Is arterial hypertension crucial for the development of cerebral haemorrhage in premature infants?

H C Lou, N A Lassen, B Friis-Hansen

44 Citationer (Scopus)

Abstract

Computerised tomography has revealed that more than 40% of premature neonates (birth weight smaller than 1500 g) have cerebral bleeds in the first 3 or 4 days of extrauterine life. Injection studies done at necropsy have shown that they usually originate in the capillaries of the germinal matrix. It is suggested that premature neonates are hypertensive when their blood-pressure is compared with that in utero, and that events that lead to further rises in pressure are common. Their capillaries are not protected against rises in arterial pressure because autoregulation is impaired. Furthermore, the capillaries in the germinal matrix are not supported by firm glial structures. Arterial pressure rises are therefore likely to be responsible for germinal matrix haemorrhage in the premature neonate, and the risk of haemorrhage probably diminishes as autoregulation of cerebral blood-flow is restored a few days after birth.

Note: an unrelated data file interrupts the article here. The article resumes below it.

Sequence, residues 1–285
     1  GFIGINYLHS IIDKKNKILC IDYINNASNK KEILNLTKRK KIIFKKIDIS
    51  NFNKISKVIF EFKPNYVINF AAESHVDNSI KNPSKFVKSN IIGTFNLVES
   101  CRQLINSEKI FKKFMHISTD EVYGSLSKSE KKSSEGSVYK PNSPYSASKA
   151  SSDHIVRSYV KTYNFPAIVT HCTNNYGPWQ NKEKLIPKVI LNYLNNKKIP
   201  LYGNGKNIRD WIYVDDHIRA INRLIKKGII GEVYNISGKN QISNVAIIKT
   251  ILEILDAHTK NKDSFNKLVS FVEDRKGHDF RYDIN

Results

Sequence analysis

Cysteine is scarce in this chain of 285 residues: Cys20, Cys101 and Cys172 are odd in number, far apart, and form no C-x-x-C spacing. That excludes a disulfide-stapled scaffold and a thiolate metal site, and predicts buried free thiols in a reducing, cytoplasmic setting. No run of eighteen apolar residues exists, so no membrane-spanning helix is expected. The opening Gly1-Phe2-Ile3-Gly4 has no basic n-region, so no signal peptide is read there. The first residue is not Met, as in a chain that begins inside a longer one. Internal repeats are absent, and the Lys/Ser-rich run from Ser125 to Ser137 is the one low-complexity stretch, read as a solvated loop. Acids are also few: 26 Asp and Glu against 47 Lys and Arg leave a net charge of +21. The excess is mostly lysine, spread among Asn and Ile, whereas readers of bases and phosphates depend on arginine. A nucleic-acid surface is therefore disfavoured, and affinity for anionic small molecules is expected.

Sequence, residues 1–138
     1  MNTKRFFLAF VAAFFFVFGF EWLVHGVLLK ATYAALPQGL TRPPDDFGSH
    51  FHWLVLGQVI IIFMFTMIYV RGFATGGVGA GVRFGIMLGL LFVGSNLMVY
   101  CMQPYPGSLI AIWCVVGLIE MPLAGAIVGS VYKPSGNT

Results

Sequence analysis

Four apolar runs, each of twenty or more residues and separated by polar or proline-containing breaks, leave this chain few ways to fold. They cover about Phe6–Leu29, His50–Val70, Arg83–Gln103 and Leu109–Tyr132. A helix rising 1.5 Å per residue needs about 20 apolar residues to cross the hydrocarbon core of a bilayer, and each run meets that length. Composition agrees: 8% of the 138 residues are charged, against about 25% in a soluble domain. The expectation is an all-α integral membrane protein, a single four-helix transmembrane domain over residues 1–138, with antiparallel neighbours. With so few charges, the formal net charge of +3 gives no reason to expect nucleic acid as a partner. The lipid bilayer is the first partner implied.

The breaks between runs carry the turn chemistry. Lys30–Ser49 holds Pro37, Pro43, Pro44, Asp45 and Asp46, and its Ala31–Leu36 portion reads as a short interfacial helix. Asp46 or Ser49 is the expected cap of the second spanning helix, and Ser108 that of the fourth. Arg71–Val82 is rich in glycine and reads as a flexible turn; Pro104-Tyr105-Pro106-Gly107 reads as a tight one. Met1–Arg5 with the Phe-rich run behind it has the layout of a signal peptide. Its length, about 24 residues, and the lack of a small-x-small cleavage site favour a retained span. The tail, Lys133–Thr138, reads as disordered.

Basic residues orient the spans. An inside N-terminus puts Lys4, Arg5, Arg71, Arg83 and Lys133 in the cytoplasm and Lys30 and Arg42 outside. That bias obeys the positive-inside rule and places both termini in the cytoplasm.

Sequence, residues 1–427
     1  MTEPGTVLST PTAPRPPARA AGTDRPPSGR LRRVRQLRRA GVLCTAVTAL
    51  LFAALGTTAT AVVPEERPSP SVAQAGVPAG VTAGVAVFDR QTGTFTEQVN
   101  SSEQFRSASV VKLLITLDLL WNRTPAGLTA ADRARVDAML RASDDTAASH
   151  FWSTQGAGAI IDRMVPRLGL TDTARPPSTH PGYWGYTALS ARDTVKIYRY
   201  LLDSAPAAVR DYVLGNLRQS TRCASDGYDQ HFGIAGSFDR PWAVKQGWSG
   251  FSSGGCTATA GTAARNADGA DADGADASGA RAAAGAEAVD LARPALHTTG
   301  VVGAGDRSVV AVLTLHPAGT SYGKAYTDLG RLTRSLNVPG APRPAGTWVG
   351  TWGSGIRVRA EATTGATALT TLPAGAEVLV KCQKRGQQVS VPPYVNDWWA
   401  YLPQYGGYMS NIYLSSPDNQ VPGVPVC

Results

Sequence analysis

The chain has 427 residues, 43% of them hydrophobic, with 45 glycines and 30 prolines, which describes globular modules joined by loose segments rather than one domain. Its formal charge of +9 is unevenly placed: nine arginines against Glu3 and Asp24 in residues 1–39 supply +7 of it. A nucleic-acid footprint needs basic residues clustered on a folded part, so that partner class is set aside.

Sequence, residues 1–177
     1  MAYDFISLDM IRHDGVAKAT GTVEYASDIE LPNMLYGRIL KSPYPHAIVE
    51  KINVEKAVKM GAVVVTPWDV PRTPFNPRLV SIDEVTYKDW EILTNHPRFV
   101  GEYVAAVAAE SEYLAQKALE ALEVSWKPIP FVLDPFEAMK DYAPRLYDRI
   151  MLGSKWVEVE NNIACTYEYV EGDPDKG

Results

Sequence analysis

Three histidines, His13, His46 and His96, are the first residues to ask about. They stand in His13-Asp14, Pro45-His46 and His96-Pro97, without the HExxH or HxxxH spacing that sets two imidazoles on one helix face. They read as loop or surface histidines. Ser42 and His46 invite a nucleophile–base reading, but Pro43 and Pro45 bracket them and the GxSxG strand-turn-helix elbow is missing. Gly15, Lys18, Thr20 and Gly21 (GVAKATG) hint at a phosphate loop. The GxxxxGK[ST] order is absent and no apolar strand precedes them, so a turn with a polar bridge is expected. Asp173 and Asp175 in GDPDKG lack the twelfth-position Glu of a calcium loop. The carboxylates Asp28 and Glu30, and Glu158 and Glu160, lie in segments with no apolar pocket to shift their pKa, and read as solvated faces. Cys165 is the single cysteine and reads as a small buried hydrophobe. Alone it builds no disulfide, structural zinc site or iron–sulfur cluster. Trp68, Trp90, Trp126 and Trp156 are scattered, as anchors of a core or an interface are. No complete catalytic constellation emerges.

OriginalsprogEngelsk
TidsskriftLancet
Vol/bind1
Udgave nummer8128
Sider (fra-til)1215-7
Antal sider3
ISSN0140-6736
StatusUdgivet - 9 jun. 1979

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